Why Queen Elizabeth Celebrates Her Birthday Twice A Year

Members of the British royal family tend to do their best to stick to certain protocols and, unsurprisingly, there are just as many rules that the public (even celebs) have to follow when meeting the royals. Queen Elizabeth II is no exception when it comes to adhering to proper guidelines and requirements. While she does disregard certain traditions at times, she makes sure to fulfill others. That includes the fact that she celebrates her birthday twice every year.

Per Britannica, Elizabeth was born on April 21, 1926, in London, England. Town & Country notes that on that day each year, she “celebrates privately,” perhaps “eat[ing] custard tart for breakfast in bed, surrounded by corgis” or doing other fabulously regal things. However, the queen holds another celebration for her birthday in June, which is obviously around two months after her real date of birth. The second party is a public celebration that includes “a carriage and horse procession known as Trooping the Color.” This is when you can spot her on the balcony at Buckingham Palace along with her various family members.

But why does the queen have two separate celebrations? Well, it turns out that it’s a royal tradition that goes back well over two hundred years and was started for a rather simple yet totally understandable reason.

Queen Elizabeth can thank nature for her two birthday celebrations

If you happen to bump into Queen Elizabeth II on April 21 (frankly, that’s unlikely, but hey, it could happen), then you can feel free to wish her a happy birthday. However, thanks to a tradition that goes back to 1748, according to the BBC, you can also celebrate her during the summer, which is when the public reverie regarding her birth takes place.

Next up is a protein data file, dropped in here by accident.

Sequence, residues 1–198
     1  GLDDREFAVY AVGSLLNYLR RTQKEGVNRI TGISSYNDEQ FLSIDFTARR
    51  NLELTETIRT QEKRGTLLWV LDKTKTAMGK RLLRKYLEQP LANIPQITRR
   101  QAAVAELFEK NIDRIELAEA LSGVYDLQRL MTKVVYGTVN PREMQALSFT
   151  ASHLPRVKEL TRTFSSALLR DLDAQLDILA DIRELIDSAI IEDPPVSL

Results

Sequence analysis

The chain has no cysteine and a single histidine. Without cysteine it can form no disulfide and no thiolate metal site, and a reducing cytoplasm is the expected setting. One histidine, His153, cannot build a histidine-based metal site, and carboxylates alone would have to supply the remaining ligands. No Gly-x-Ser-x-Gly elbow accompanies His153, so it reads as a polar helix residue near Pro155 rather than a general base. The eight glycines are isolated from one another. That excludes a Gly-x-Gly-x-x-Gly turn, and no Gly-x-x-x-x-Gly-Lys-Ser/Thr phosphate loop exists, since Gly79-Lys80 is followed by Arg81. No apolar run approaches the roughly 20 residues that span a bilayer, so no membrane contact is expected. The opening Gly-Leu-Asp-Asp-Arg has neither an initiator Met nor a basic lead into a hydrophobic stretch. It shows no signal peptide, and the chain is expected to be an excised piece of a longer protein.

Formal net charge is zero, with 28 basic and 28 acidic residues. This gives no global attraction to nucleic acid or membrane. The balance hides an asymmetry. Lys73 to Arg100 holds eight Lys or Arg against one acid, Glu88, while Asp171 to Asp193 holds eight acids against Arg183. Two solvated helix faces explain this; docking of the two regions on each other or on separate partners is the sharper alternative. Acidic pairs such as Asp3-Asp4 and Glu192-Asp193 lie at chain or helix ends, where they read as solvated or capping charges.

The tradition was started by King George II due to the fact that he was born in November when the weather isn’t exactly great in England. Therefore, because a parade to celebrate his big day was less likely to be enjoyable if it was in November, the BBC explains that “he decided to combine it with an annual military parade in the summer, when the weather would hopefully be nice.”

Successive British rulers have kept up the tradition of a summer celebration, which is why Elizabeth has two birthdays each year as will Prince Charles when (or if) he becomes king and the same will go for Prince William when he eventually takes the throne.

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